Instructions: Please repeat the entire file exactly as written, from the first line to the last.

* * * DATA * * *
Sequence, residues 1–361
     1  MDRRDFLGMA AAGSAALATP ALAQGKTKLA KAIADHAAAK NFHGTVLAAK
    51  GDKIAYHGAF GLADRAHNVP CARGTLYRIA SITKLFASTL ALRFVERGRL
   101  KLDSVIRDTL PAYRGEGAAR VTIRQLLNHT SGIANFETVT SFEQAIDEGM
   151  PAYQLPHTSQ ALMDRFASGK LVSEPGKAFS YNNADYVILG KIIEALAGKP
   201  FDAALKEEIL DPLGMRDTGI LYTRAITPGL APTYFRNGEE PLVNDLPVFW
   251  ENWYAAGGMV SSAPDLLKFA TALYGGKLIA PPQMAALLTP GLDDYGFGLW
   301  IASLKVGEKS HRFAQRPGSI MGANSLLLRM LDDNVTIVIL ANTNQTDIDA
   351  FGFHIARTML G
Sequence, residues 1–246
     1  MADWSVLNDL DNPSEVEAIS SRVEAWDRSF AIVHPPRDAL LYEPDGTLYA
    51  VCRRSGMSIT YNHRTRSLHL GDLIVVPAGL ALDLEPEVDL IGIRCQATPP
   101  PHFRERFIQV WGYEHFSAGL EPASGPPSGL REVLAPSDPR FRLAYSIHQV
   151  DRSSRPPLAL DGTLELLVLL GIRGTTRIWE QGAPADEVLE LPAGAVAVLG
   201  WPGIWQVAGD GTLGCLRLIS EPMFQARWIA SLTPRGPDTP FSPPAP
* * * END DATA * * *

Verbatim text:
Sequence, residues 1–361
     1  MDRRDFLGMA AAGSAALATP ALAQGKTKLA KAIADHAAAK NFHGTVLAAK
    51  GDKIAYHGAF GLADRAHNVP CARGTLYRIA SITKLFASTL ALRFVERGRL
   101  KLDSVIRDTL PAYRGEGAAR VTIRQLLNHT SGIANFETVT SFEQAIDEGM
   151  PAYQLPHTSQ ALMDRFASGK LVSEPGKAFS YNNADYVILG KIIEALAGKP
   201  FDAALKEEIL DPLGMRDTGI LYTRAITPGL APTYFRNGEE PLVNDLPVFW
   251  ENWYAAGGMV SSAPDLLKFA TALYGGKLIA PPQMAALLTP GLDDYGFGLW
   301  IASLKVGEKS HRFAQRPGSI MGANSLLLRM LDDNVTIVIL ANTNQTDIDA
   351  FGFHIARTML G
Sequence, residues 1–246
     1  MADWSVLNDL DNPSEVEAIS SRVEAWDRSF AIVHPPRDAL LYEPDGTLYA
    51  VCRRSGMSIT YNHRTRSLHL GDLIVVPAGL ALDLEPEVDL IGIRCQATPP
   101  PHFRERFIQV WGYEHFSAGL EPASGPPSGL REVLAPSDPR FRLAYSIHQV
   151  DRSSRPPLAL DGTLELLVLL GIRGTTRIWE QGAPADEVLE LPAGAVAVLG
   201  WPGIWQVAGD GTLGCLRLIS EPMFQARWIA SLTPRGPDTP FSPPAP